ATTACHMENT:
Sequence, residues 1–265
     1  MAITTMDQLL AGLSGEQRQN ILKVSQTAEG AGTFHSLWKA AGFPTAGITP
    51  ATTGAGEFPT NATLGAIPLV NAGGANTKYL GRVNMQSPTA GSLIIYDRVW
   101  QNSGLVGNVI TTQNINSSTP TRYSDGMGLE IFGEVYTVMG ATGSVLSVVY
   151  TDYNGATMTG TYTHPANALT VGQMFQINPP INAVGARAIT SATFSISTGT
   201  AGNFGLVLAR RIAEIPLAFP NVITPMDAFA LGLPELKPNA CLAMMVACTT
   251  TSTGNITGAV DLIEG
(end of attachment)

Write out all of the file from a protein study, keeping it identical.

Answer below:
Sequence, residues 1–265
     1  MAITTMDQLL AGLSGEQRQN ILKVSQTAEG AGTFHSLWKA AGFPTAGITP
    51  ATTGAGEFPT NATLGAIPLV NAGGANTKYL GRVNMQSPTA GSLIIYDRVW
   101  QNSGLVGNVI TTQNINSSTP TRYSDGMGLE IFGEVYTVMG ATGSVLSVVY
   151  TDYNGATMTG TYTHPANALT VGQMFQINPP INAVGARAIT SATFSISTGT
   201  AGNFGLVLAR RIAEIPLAFP NVITPMDAFA LGLPELKPNA CLAMMVACTT
   251  TSTGNITGAV DLIEG